In vitro and in vivo differences in neurovirulence between D614G, Delta And Omicron BA.1 SARS-CoV-2 variants

Lisa Bauer, Melanie Rissmann, Feline F.W. Benavides, Lonneke Leijten, Peter van Run, Lineke Begeman, Edwin J.B. Veldhuis Kroeze, Bas Lendemeijer, Hilde Smeenk, Femke M.S. de Vrij, Steven A. Kushner, Marion P.G. Koopmans, Barry Rockx, Debby van Riel*

*Corresponding author for this work

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Abstract

Severe acute respiratory syndrome coronavirus 2 (SARS-CoV-2) infection is associated with various neurological complications. Although the mechanism is not fully understood, several studies have shown that neuroinflammation occurs in the acute and post-acute phase. As these studies have predominantly been performed with isolates from 2020, it is unknown if there are differences among SARS-CoV-2 variants in their ability to cause neuroinflammation. Here, we compared the neuroinvasiveness, neurotropism and neurovirulence of the SARS-CoV-2 ancestral strain D614G, the Delta (B.1.617.2) and Omicron BA.1 (B.1.1.529) variants using in vitro and in vivo models. The Omicron BA.1 variant showed reduced neurotropism and neurovirulence compared to Delta and D614G in human induced pluripotent stem cell (hiPSC)-derived cortical neurons co-cultured with astrocytes. Similar differences were obtained in Syrian hamsters inoculated with D614G, Delta and the Omicron BA.1 variant 5 days post infection. Replication in the olfactory mucosa was observed in all hamsters, but most prominently in D614G inoculated hamsters. Furthermore, neuroinvasion into the CNS via the olfactory nerve was observed in D614G, but not Delta or Omicron BA.1 inoculated hamsters. Furthermore, neuroinvasion was associated with neuroinflammation in the olfactory bulb of hamsters inoculated with D614G. Altogether, our findings suggest differences in the neuroinvasive, neurotropic and neurovirulent potential between SARS-CoV-2 variants using in vitro hiPSC-derived neural cultures and in vivo in hamsters during the acute phase of the infection.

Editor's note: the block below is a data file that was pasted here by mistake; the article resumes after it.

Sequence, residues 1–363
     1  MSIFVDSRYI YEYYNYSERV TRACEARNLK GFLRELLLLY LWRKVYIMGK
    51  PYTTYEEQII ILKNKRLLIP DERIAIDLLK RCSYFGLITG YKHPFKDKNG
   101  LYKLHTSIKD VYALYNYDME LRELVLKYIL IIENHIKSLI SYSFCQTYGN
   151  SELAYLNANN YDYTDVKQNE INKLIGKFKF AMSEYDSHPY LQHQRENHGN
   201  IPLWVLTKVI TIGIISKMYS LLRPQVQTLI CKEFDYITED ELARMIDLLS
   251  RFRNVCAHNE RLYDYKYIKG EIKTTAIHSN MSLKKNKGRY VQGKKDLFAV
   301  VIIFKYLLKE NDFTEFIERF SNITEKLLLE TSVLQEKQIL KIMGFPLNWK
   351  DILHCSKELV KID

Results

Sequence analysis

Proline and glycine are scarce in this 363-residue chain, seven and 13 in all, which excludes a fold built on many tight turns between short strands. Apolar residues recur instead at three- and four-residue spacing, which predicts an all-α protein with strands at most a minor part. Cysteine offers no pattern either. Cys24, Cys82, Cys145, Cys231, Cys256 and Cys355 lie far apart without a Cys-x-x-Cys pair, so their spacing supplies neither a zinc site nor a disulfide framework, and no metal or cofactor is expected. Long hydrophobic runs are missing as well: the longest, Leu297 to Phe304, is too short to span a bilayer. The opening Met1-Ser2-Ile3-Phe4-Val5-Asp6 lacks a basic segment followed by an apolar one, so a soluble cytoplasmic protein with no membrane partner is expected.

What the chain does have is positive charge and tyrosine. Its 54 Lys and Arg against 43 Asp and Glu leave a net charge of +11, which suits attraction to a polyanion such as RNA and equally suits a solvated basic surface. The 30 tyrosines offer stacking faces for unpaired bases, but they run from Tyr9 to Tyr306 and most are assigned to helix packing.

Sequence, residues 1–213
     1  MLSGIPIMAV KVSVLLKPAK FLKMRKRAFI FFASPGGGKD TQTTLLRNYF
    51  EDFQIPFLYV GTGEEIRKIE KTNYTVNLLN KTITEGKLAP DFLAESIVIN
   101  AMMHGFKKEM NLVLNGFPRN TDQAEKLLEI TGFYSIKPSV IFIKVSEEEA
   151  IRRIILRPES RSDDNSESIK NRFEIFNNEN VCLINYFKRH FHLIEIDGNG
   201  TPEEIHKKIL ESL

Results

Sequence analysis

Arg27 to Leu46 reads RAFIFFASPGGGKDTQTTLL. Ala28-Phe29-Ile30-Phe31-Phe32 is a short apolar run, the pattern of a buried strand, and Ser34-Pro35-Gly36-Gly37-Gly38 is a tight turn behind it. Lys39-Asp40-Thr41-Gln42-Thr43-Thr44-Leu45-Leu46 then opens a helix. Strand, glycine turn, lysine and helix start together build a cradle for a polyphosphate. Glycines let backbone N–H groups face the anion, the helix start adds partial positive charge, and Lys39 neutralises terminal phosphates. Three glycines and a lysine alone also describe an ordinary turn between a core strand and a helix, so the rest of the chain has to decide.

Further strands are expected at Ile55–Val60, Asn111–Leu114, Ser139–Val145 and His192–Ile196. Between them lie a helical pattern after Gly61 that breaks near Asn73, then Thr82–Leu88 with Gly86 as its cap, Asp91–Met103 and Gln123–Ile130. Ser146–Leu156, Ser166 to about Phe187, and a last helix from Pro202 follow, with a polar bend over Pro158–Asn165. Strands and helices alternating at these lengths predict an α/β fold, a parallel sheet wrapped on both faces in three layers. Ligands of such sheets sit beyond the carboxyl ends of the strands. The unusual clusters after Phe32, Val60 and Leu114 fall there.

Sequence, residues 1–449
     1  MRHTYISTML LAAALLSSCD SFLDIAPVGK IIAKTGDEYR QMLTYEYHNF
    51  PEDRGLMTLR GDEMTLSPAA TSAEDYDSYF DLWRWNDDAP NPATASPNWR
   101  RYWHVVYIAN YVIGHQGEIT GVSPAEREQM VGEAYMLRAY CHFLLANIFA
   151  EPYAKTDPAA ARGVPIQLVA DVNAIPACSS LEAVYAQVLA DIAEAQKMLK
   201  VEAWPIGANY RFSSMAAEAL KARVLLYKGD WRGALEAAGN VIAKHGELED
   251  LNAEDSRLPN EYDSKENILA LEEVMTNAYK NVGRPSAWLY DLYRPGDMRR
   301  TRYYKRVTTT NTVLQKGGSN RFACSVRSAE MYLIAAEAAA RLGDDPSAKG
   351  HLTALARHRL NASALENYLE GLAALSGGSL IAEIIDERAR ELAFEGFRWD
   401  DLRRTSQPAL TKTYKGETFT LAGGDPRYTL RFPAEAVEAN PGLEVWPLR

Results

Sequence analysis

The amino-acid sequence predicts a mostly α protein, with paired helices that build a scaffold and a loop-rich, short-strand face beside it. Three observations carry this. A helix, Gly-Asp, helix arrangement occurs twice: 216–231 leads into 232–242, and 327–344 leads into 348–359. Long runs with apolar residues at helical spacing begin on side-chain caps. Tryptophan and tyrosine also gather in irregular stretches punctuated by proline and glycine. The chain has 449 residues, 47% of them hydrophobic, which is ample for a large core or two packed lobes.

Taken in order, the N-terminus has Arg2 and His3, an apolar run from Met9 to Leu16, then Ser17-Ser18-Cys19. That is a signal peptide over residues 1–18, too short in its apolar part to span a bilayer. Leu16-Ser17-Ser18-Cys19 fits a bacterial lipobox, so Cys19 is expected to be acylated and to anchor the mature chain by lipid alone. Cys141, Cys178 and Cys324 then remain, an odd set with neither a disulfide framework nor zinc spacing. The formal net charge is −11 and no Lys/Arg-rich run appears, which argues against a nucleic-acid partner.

Original languageEnglish
Article number124
JournalActa neuropathologica communications
Volume10
Issue number1
DOIs
Publication statusPublished - 5 Sep 2022

Bibliographical note

Acknowledgements
We thank Imke Visser, Eleanor Marshall, Danny Noack, Debby van Eck-Schipper, J.Maartje Fentener van Vlissingen, Ingeborg van Middelkoop, Rianne Stam, Vincent Duiverman, Lars Vermaat and Vincent Vaes for assistance with the animal studies. This work was funded in part by a fellowship from the Netherlands Organization for Scientific Research (VIDI contract 91718308), a EUR fellowship to D.V.R., NIH contract SAVE to BR and MPGK, Netherlands Organ-on-Chip Initiative, an NWO Gravitation project (024.003.001) to F.M.S.D.V., H.S. and S.A.K. and an Erasmus MC Human Disease Model Award to F.M.S.D.V. and H.S.

Publisher Copyright: © 2022. The Author(s).

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